22,000 people from all over the world are flocking to Dublin this week to attend the fourth annual Web Summit. Like South by Southwest, the Web Summit is a huge multi-day conference for techies, journalists, investors, and startups… lots of startups. Speakers include CEO of Dropbox Drew Houston, angel investor Paul Hewson (aka Bono), Payal’s Peter Thiel, Apple’s former CEO John Scully, and 600 other incredible people in the startup world. They all mix and mingle across 40 acres of conference space and, at night, across the city of Dublin.
I’ll be updating this page as the conference develops to introduce you to some of the incredible startups and speakers here.
8am: it’s early morning here at the last day of The Web Summit and very stand from Audi to Google to Dropbox is handing out free cappuccinos to hung over tech founders hustling through one last day.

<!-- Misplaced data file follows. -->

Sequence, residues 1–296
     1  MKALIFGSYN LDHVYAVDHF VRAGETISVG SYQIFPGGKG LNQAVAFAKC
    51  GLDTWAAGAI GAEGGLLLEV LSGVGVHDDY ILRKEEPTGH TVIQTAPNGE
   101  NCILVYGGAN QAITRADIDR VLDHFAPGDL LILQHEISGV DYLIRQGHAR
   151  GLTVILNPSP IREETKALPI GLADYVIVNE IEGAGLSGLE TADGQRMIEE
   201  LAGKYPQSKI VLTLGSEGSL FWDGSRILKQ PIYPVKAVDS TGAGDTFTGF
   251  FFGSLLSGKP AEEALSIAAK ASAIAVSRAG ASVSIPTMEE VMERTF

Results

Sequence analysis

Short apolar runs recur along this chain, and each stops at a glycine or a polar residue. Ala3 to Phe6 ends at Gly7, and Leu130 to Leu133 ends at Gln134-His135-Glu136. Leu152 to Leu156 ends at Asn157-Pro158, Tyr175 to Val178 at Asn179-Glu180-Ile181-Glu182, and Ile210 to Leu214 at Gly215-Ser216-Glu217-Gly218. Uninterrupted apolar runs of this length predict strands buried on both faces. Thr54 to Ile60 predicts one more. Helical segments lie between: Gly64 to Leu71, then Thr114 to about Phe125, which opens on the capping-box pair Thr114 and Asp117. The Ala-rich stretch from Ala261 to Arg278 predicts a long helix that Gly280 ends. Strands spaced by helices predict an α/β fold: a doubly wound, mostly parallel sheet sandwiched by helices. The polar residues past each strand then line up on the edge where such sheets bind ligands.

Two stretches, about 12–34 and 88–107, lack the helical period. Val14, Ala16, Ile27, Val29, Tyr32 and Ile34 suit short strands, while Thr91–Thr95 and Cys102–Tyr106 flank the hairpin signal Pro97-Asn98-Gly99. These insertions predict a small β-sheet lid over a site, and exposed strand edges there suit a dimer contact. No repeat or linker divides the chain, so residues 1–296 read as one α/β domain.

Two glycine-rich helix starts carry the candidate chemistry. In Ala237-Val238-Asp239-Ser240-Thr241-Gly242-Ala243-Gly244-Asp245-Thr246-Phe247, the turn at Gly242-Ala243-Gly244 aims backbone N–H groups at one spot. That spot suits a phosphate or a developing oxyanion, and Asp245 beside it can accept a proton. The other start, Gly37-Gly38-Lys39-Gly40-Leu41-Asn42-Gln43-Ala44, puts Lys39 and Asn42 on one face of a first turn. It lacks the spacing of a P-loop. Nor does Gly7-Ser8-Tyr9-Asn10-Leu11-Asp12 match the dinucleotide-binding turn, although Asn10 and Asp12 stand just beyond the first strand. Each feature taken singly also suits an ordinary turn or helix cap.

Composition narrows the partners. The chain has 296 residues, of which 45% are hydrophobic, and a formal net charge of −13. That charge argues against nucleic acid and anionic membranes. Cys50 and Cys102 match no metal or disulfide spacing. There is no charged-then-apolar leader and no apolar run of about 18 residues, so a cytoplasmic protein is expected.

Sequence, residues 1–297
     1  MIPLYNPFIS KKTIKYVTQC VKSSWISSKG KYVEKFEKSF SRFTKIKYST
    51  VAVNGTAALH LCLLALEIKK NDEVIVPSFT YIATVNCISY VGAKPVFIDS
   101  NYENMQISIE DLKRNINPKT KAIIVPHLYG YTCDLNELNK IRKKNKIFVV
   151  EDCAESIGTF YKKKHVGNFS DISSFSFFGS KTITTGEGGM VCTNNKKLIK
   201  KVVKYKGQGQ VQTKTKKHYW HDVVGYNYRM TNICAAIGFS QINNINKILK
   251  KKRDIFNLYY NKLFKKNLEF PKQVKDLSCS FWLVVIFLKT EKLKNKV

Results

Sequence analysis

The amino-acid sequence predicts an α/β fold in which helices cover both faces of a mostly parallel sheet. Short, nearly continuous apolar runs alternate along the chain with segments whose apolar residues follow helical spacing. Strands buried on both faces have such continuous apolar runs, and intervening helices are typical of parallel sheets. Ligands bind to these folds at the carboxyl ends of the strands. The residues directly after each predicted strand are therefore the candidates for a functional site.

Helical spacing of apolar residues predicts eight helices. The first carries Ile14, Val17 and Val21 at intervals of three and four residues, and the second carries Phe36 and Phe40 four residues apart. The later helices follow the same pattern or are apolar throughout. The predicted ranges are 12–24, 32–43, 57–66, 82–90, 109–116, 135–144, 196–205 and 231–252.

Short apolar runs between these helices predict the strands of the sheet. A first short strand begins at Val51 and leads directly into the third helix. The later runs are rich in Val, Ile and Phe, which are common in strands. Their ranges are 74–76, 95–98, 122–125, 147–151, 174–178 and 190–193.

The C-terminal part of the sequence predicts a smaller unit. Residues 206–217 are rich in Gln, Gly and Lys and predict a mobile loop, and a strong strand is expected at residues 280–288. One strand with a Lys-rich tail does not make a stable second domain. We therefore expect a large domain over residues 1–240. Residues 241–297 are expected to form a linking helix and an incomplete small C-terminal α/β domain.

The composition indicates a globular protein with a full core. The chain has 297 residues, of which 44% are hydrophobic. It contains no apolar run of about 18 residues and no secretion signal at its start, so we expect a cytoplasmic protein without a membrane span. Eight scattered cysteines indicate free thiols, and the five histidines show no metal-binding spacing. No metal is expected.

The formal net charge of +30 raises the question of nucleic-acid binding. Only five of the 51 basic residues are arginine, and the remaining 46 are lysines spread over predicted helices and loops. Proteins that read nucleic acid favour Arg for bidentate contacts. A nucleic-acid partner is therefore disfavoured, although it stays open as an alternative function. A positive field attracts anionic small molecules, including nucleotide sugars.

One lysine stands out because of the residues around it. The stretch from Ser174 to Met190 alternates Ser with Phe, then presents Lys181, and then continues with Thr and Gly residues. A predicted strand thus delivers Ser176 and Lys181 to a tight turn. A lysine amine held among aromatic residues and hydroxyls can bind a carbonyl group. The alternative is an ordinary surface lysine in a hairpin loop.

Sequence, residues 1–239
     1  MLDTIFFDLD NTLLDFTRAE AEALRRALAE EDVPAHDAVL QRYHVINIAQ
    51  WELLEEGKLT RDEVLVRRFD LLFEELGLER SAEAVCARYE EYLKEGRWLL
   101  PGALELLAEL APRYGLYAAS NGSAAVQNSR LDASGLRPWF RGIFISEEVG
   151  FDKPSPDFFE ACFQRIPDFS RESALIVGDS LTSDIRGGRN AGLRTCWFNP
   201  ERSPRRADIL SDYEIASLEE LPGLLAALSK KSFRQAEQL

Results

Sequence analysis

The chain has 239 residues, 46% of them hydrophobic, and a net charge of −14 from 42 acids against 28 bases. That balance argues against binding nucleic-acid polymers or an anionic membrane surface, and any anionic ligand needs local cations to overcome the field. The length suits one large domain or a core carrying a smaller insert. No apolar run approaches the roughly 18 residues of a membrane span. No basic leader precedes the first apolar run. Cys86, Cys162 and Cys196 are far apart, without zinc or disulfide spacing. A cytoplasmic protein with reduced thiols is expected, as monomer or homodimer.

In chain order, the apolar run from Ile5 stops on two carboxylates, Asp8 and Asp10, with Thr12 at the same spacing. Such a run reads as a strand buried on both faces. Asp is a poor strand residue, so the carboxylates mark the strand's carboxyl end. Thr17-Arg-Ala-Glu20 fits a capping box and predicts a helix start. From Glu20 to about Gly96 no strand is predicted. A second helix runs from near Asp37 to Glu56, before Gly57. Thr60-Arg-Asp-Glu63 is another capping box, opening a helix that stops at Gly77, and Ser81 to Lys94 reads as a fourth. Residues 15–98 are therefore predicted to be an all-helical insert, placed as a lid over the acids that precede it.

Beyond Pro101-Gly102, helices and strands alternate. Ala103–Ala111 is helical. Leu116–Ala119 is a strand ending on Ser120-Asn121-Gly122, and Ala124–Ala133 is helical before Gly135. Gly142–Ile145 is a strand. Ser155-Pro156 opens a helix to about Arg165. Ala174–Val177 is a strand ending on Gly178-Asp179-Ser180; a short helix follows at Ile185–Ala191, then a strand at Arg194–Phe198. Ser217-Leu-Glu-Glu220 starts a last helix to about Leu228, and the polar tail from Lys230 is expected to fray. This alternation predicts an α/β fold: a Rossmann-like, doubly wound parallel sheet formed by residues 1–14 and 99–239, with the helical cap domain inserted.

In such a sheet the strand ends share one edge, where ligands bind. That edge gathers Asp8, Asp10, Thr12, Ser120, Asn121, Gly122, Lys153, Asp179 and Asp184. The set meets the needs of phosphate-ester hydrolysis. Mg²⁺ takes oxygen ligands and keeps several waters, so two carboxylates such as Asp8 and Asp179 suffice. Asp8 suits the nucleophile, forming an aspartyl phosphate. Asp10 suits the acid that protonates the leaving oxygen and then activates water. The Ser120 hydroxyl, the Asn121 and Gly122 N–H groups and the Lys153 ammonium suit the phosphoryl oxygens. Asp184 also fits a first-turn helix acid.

8:52am: met the Natural Machines, the 3D printer for food. They can print out an entire pizza complete with crust, sauce, and cheese. You do then have to put it in the oven but they assured me that the next printer will cook the food for you too.
9:30am: Want to play music without charging a battery or finding an outlet? Pelty has built a bluetooth speaker that runs off of the energy produced by a burning candle. Apparently, a small burning tea light produces about 40 to 50 watts of thermal energy. Pelty can only capture about 5% of that energy – about 2 to 2.5 watts – but that’s just enough to power a speaker. If Pelty can find more applications of the tech and can capture more energy, their work might could change the game for people in third world countries who do not have consistent access to electricity.